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Bright illusions reduce the eye's pupil

Overview of attention for article published in Proceedings of the National Academy of Sciences of the United States of America, January 2012
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  • In the top 5% of all research outputs scored by Altmetric
  • High Attention Score compared to outputs of the same age (99th percentile)
  • High Attention Score compared to outputs of the same age and source (99th percentile)

Citations

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90 Dimensions

Readers on

mendeley
237 Mendeley
citeulike
3 CiteULike
Title
Bright illusions reduce the eye's pupil
Published in
Proceedings of the National Academy of Sciences of the United States of America, January 2012
DOI 10.1073/pnas.1118298109
Pubmed ID
Authors

B. Laeng, T. Endestad

Abstract

We recorded by use of an infrared eye-tracker the pupil diameters of participants while they observed visual illusions of lightness or brightness. Four original illusions {based on Gaetano Kanisza's [Kanizsa G (1976) Subjective contours. Sci Am 234:48-52] and Akiyoshi Kitaoka's [Kitaoka A. (2005) Trick Eyes (Barnes & Noble, New Providence, NJ).] examples} were manipulated to obtain control conditions in which the perceived illusory luminance was either eliminated or reduced. All stimuli were equiluminant so that constrictions in pupillary size could not be ascribed to changes in light energy. We found that the pupillary diameter rapidly varied according to perceived brightness and lightness strength. Differences in local contrast information could be ruled out as an explanation because, in a second experiment, the observers maintained eye fixation in the center of the display; thus, differential stimulation of the fovea by local contrast changes could not be responsible for the pupillary differences. Hence, the most parsimonious explanation for the present findings is that pupillary responses to ambient light reflect the perceived brightness or lightness of the scene and not simply the amount of physical light energy entering the eye. Thus, the pupillary physiological response reflects the subjective perception of light and supports the idea that the brain's visual circuitry is shaped by visual experience with images and their possible sources.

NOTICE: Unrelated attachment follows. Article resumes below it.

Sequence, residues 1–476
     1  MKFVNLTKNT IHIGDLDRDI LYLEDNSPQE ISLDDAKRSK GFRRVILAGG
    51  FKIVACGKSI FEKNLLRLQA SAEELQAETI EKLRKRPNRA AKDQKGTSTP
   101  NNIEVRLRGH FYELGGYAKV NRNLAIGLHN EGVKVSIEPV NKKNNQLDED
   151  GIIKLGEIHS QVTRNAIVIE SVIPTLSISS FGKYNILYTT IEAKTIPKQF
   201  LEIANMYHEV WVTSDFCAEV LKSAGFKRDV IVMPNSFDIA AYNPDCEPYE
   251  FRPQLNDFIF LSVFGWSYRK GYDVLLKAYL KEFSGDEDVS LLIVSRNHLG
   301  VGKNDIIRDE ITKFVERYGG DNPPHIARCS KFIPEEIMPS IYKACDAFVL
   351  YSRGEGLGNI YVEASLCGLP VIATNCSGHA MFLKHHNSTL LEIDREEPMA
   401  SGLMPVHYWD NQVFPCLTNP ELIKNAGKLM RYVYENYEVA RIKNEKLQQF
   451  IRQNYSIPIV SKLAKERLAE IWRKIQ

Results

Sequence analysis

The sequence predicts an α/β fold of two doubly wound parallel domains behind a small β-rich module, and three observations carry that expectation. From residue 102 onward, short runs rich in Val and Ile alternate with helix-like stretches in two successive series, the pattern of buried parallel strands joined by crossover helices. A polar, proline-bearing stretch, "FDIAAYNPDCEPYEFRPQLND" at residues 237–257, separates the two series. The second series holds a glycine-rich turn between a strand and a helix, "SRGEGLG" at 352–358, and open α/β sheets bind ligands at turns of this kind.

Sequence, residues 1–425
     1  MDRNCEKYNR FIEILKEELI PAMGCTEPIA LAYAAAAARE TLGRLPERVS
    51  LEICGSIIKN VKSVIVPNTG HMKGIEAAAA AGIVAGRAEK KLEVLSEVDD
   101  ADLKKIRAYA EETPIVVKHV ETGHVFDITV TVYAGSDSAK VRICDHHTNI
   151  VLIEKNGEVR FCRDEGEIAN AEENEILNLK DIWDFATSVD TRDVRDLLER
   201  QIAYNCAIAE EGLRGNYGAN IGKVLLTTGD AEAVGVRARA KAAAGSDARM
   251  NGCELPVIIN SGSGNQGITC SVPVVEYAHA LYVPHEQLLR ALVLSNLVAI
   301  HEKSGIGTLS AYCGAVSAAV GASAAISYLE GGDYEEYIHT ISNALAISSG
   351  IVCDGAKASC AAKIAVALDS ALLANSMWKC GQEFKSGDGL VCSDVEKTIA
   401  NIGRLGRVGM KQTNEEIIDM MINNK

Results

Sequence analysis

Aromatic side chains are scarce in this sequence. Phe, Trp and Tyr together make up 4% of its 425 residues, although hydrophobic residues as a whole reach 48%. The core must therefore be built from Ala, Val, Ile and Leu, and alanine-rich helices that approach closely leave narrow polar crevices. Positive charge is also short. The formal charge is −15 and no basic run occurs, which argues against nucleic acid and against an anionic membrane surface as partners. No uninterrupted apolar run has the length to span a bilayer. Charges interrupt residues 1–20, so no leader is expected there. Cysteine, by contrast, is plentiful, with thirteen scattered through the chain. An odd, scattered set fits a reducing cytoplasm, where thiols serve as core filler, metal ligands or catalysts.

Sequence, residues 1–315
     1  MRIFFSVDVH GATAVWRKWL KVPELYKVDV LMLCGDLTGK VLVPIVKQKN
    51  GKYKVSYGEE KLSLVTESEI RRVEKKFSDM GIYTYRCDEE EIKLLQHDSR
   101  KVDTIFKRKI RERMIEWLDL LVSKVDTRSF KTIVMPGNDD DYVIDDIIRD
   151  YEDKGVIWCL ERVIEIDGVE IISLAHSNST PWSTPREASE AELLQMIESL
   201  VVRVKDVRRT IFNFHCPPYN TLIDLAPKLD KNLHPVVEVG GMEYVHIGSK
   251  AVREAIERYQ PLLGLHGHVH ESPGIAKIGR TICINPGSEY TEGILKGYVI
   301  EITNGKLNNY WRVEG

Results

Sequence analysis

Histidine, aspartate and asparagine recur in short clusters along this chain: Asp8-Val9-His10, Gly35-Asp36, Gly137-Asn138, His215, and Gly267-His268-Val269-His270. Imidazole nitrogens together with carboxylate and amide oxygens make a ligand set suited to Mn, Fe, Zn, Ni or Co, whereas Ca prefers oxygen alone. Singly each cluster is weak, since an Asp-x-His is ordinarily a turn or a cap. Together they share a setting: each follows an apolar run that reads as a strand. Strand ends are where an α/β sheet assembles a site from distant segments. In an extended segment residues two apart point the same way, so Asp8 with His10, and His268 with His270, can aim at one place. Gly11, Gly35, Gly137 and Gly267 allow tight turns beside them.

Twitter Demographics

The data shown below were collected from the profiles of 737 tweeters who shared this research output. Click here to find out more about how the information was compiled.

Mendeley readers

The data shown below were compiled from readership statistics for 237 Mendeley readers of this research output. Click here to see the associated Mendeley record.

Geographical breakdown

Country Count As %
Germany 4 2%
Netherlands 3 1%
United States 3 1%
Italy 3 1%
United Kingdom 1 <1%
Canada 1 <1%
Denmark 1 <1%
France 1 <1%
Luxembourg 1 <1%
Other 0 0%
Unknown 219 92%

Demographic breakdown

Readers by professional status Count As %
Student > Ph. D. Student 56 24%
Researcher 46 19%
Student > Master 33 14%
Professor > Associate Professor 18 8%
Student > Postgraduate 18 8%
Other 45 19%
Unknown 21 9%
Readers by discipline Count As %
Psychology 92 39%
Neuroscience 28 12%
Agricultural and Biological Sciences 23 10%
Engineering 19 8%
Medicine and Dentistry 13 5%
Other 32 14%
Unknown 30 13%

Attention Score in Context

This research output has an Altmetric Attention Score of 488. This is our high-level measure of the quality and quantity of online attention that it has received. This Attention Score, as well as the ranking and number of research outputs shown below, was calculated when the research output was last mentioned on 15 July 2021.
All research outputs
#33,598
of 19,546,162 outputs
Outputs from Proceedings of the National Academy of Sciences of the United States of America
#964
of 92,982 outputs
Outputs of similar age
#133
of 233,702 outputs
Outputs of similar age from Proceedings of the National Academy of Sciences of the United States of America
#7
of 847 outputs
Altmetric has tracked 19,546,162 research outputs across all sources so far. Compared to these this one has done particularly well and is in the 99th percentile: it's in the top 5% of all research outputs ever tracked by Altmetric.
So far Altmetric has tracked 92,982 research outputs from this source. They typically receive a lot more attention than average, with a mean Attention Score of 33.3. This one has done particularly well, scoring higher than 98% of its peers.
Older research outputs will score higher simply because they've had more time to accumulate mentions. To account for age we can compare this Altmetric Attention Score to the 233,702 tracked outputs that were published within six weeks on either side of this one in any source. This one has done particularly well, scoring higher than 99% of its contemporaries.
We're also able to compare this research output to 847 others from the same source and published within six weeks on either side of this one. This one has done particularly well, scoring higher than 99% of its contemporaries.